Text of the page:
In the past month and a half there has been a tremendous consolidation in Internet advertising.
- May 18: Microsoft announces it will pay $6b in cash for aQuantive, parent to digital agencies Avenue A, Razorfish, Atlas and DRIVEpm. That price constitutes a huge premium relative to $442m in ’06 revenue (net income was $54m)
- May 17: British advertising giant WPP Group, which is known for its offline ad services, announced it would acquire 24/7 Real Media for $649m. (the price represented a premium of approximately 17x EBITDA)
- April 30: Yahoo acquired the 80% of internet ad auction exchange Right Media it didn’t own for approximately $680m.
- April 13: Google acquires DoubleClick for $3.1 (price represents approximately 20x EBITDA) (more here)
Much commentary referring to these deals has focused on extreme valuations. Quite a bit has also suggested each new acquisition was an answer to the one that came before; a suggestion as if each acquisition had been a part of a game of competitive one-upsmanship between Yahoo, Google, and Microsoft.
These deals didn’t happen overnight – they happened over weeks and months. Several of these deals were in discussion at the same time, and most were on internal target lists for more than a year. While the time lines for the deals closing, or pricing discussions that went on, might have been influenced or accelerated in response to announcement of the other deals, these acquisitions are largely independent and, in many ways, they’re best viewed as singular events.
As unrelated transactions, there’s a theme - three of the biggest companies in Internet advertising believe the ad market is changing and growing, and doing so dramatically.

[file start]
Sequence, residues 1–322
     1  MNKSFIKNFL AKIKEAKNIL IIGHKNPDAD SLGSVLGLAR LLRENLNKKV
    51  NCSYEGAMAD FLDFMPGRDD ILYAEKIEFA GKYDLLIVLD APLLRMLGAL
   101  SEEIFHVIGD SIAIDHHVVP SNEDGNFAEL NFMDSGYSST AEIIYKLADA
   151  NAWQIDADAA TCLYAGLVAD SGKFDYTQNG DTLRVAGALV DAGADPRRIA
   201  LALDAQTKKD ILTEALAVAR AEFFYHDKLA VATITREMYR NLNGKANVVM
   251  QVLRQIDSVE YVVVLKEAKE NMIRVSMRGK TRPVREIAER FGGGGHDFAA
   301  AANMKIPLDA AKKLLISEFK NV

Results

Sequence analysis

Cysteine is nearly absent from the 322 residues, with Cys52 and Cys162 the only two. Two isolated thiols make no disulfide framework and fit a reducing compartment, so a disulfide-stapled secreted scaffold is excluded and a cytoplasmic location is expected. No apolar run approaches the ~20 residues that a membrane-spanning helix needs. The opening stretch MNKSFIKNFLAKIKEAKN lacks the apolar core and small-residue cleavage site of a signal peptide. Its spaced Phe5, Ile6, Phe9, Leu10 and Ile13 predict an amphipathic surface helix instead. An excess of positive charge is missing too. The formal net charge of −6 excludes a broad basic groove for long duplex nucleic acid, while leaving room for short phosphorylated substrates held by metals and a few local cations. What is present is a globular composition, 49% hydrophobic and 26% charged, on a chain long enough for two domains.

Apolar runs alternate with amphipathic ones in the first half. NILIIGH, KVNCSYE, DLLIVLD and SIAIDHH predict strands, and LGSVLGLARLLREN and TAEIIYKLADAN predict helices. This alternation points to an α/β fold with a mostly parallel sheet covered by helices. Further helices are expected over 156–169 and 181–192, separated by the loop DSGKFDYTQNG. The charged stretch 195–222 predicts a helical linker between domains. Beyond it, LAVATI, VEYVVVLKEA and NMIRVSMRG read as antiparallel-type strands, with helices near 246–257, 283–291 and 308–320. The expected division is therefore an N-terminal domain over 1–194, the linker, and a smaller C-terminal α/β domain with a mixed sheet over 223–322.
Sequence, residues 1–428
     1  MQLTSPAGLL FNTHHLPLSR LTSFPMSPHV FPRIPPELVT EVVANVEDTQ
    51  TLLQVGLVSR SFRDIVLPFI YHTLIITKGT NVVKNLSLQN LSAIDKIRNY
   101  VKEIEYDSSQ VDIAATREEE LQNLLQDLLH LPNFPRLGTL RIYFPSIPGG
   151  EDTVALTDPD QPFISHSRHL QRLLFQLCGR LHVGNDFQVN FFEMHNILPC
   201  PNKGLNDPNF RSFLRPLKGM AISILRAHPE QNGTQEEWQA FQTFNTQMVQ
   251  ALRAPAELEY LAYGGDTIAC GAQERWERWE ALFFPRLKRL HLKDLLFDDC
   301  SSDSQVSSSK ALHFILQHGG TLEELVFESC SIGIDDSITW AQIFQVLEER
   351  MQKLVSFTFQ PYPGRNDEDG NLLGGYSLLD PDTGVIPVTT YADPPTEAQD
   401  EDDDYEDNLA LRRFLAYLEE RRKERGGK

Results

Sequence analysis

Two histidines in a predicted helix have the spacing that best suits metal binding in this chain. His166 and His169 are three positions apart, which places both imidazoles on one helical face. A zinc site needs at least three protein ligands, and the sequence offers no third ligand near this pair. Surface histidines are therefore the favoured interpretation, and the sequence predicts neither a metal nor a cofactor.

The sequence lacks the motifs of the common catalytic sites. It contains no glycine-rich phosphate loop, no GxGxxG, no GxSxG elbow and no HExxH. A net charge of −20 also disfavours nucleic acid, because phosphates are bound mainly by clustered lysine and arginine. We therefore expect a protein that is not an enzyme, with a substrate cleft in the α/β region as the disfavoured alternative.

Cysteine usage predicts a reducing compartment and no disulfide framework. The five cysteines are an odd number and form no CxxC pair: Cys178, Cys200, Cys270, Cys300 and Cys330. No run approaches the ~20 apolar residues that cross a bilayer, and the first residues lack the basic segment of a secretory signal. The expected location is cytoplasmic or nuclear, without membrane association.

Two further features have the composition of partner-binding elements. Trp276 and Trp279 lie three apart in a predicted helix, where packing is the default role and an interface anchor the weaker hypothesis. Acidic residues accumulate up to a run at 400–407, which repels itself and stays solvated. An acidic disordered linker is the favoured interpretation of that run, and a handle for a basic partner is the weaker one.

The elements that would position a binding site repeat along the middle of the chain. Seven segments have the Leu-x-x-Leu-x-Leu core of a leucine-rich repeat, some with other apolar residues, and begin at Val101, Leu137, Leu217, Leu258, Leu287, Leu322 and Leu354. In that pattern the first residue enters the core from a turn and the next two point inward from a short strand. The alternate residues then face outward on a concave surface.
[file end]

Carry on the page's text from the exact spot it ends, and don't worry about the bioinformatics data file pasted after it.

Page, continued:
All three deals (four if counting WPP Groups purchase of 24/7 Media) also closed at significant premiums whether valued by market valuation or projected sales. (At $6b for aQauntive, Microsoft payed more than 2x the prior day’s trading price.)
Why the premium? Did the companies overpay to make these deals happen or do they know something the market doesn’t?
People will form their own conclusion on that question; and only time will put a final answer on the debates- which are plenty. But Microsoft, Google and Yahoo are three companies with more data on net advertising than just about any others. You’ve got to wonder if their data is telling them something. I think it is.
Forecasts put the size of the Internet Ad Market between as much as $25-40b this year with projected growth of 15-20% per year for the next five years. Microsoft is among those forecasting on the higher side of those numbers.
Most forecasts (whether from independent analysts, tracking agencys or companies selling in the market) don’t account for the possibility of ad buyers shifting their ad–spend from television (or print or radio) to the Internet. Even relatively subtle shifts of ad spending from the $300b US ad market could make the forecasts incredibly conservative.
It’s not unreasonable to think that kind of shift could be possible sooner than later, especially from Television to the Internet. As it stands now, premium Television content is increasingly available on the web. All of the major networks are rebroadcasting programming online (not to mention the volume of IPTV startups vying to participate; or the availability of downloadable programming from places like iTunes.) The increase in viewing outlets increases the possibility of audiences shifting their viewing habits away from TV. and ad-spending will follow the viewers. Mix that fact with the wealth of user-generated content on sites like YouTube or Revver that could be host to display ads. Then ad to the equation the fact that more than 20% of US households own already own DVRs and when watching recorded shows, often skip the commercials – which poses another threat to the value proposition of traditional TV advertising. As a bonus, you can also add the prospect of selling video ads bundled for inclusion in in-game video game advertising (which both Microsoft and Google are equipped to do following acquisitions in the past year).